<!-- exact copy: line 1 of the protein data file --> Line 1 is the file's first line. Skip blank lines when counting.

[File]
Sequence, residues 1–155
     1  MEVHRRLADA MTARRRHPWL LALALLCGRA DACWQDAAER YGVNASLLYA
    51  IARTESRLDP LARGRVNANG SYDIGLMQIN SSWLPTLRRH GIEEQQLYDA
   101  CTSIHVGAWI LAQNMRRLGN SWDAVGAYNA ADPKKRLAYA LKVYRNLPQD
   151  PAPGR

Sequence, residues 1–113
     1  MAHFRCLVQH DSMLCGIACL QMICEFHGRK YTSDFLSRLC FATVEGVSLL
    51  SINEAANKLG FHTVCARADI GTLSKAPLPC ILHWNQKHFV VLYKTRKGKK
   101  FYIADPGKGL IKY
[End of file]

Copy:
Sequence, residues 1–155